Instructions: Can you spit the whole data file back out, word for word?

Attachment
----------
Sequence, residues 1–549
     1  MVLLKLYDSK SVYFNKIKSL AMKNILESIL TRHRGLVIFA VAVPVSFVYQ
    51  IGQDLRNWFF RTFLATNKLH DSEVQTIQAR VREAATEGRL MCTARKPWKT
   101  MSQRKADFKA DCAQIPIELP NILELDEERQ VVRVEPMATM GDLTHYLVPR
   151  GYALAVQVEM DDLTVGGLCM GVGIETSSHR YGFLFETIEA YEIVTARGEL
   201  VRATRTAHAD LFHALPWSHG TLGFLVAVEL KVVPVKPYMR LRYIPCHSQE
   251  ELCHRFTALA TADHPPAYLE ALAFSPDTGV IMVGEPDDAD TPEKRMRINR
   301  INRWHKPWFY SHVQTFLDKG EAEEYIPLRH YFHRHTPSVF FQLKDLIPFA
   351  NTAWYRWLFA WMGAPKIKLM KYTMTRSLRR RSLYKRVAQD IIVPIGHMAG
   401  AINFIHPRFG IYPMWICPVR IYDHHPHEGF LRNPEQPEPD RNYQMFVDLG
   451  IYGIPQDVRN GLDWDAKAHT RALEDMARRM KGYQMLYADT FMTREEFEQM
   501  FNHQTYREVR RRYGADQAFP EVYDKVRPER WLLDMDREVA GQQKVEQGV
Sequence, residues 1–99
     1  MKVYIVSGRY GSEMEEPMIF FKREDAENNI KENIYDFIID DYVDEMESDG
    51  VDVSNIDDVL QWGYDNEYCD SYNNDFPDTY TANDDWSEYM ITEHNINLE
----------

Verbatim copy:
Sequence, residues 1–549
     1  MVLLKLYDSK SVYFNKIKSL AMKNILESIL TRHRGLVIFA VAVPVSFVYQ
    51  IGQDLRNWFF RTFLATNKLH DSEVQTIQAR VREAATEGRL MCTARKPWKT
   101  MSQRKADFKA DCAQIPIELP NILELDEERQ VVRVEPMATM GDLTHYLVPR
   151  GYALAVQVEM DDLTVGGLCM GVGIETSSHR YGFLFETIEA YEIVTARGEL
   201  VRATRTAHAD LFHALPWSHG TLGFLVAVEL KVVPVKPYMR LRYIPCHSQE
   251  ELCHRFTALA TADHPPAYLE ALAFSPDTGV IMVGEPDDAD TPEKRMRINR
   301  INRWHKPWFY SHVQTFLDKG EAEEYIPLRH YFHRHTPSVF FQLKDLIPFA
   351  NTAWYRWLFA WMGAPKIKLM KYTMTRSLRR RSLYKRVAQD IIVPIGHMAG
   401  AINFIHPRFG IYPMWICPVR IYDHHPHEGF LRNPEQPEPD RNYQMFVDLG
   451  IYGIPQDVRN GLDWDAKAHT RALEDMARRM KGYQMLYADT FMTREEFEQM
   501  FNHQTYREVR RRYGADQAFP EVYDKVRPER WLLDMDREVA GQQKVEQGV
Sequence, residues 1–99
     1  MKVYIVSGRY GSEMEEPMIF FKREDAENNI KENIYDFIID DYVDEMESDG
    51  VDVSNIDDVL QWGYDNEYCD SYNNDFPDTY TANDDWSEYM ITEHNINLE